With most studies indicating that the effects of caffeine are related to amount of caffeine consumed, it would seem prudent for women contemplating pregnancy to limit caffeine consumption. Thus some experts have suggested an arbitrary threshold of less than 100 mg per day. Caffeine intake may be derived from several sources including coffee, tea, soft drinks and chocolate (see Table). Women who consume large amounts of caffeinated beverages should taper their caffeine intake gradually to avoid withdrawal symptoms such as headaches, irritability, restlessness and nausea. Ultimately, as no “safe” level of consumption has been documented, the goal should be judicious consumption during the preconception period and during pregnancy to minimize any potential harmful effects.

Samuel A. Pauli, MD is a Clinical Fellow, Division of Reproductive Endocrinology and Infertility, Department of Gynecology and Obstetrics at Emory University School of Medicine. Donna R. Session, MD, Associate Professor and Chief, Division of Reproductive Endocrinology and Infertility, Department of Gynecology and Obstetrics, at Emory University School of Medicine. For more information, contact Samuel A. Pauli, MD. at spauli@emory.edu or 404.778.3401.

Common Caffeinated Beverages Amount (ounces) Caffeine (milligrams)
Starbucks Grande Coffee 16 330
Starbucks Latte or Cappuccino 16 150
Plain Drip Coffee 8 95
Red Bull Energy Drink 8.3 76
Starbucks Espresso 1 75
Instant Coffee 8 62
Tea 8 47
Cola 12 29
Chocolate Cake 8 25
Dark Chocolate Bar 1.55 21
Milk Chocolate Bar 1.55 9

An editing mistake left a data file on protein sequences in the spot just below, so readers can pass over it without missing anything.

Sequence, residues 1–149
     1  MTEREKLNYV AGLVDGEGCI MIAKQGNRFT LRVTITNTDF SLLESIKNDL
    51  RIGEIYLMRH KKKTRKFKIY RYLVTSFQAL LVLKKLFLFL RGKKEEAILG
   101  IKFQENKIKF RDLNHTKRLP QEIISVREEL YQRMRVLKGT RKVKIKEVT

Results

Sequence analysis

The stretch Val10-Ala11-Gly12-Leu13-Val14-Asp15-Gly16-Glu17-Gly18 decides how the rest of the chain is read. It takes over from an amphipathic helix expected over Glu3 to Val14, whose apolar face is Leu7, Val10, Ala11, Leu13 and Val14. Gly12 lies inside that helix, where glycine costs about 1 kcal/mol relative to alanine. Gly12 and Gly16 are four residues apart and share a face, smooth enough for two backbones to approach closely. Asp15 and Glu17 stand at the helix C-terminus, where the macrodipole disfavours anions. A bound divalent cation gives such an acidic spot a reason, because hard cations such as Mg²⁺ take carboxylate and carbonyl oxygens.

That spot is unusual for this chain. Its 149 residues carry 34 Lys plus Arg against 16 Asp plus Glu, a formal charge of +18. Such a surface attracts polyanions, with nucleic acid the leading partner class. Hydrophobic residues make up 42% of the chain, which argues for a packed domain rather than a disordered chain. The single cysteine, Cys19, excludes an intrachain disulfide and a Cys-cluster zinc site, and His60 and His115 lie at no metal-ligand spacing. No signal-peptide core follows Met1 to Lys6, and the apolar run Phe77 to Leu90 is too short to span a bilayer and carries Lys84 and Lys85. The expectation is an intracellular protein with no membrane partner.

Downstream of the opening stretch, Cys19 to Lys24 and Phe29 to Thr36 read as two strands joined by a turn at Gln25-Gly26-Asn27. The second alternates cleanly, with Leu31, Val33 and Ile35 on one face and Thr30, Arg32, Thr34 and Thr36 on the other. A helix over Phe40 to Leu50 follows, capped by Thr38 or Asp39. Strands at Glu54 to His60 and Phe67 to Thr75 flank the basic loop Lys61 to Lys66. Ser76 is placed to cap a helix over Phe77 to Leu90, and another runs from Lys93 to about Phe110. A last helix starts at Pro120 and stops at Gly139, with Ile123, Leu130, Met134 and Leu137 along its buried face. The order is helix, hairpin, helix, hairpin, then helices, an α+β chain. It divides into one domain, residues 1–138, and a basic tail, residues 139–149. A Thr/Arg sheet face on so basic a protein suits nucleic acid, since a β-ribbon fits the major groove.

Chocolate Ice Cream 8 4
Decaf Coffee 8 2

(Sources: Starbucks Corp., 2009; USDA National Nutrient Database for Standard Reference, 2008)

 

Doctors Share 7 Biggest Fertility Misconceptions for National Infertility Awareness Week

(HealthNewsDigest.com) – According to a national study released in Fertility & Sterility, infertility among reproductive-age U.S. women is widely misunderstood. While 40 percent were concerned about their ability to get pregnant, one-third didn’t understand the adverse effects of obesity on infertility and 40 percent weren’t familiar with the ovulatory cycle.

To combat this nationwide lack of awareness, Fertility Centers of Illinois is sharing the biggest misconceptions they hear from patients in honor of National Infertility Awareness Week on April 20-26, and hosting events to build infertility awareness.

“The individuals and couples that we see are educated, hard-working, and focused on to having a family. However, many have planned their lives with a vast misunderstanding about their fertility,” explains Dr. Angie Beltsos. “The more couples and individuals know earlier in their lives about the realities of fertility, the more effectively they can achieve their family dreams, often without our help.”

During patient visits, the Fertility Centers of Illinois team hears seven common misconceptions from patients:

1. “He had kids in a previous marriage, his fertility is fine.”

Paternal fertility decreases with age, particularly after age 40. A study found a direct link between paternal age and an increased risk of autism and schizophrenia, with fathers passing on as many as four times more genetic mutations when compared to mothers. With age, there is a decrease in the concentration of healthy, mobile sperm as well as semen volume.

2. “My mom had a baby in her 40s and I have a child, I am fertile.”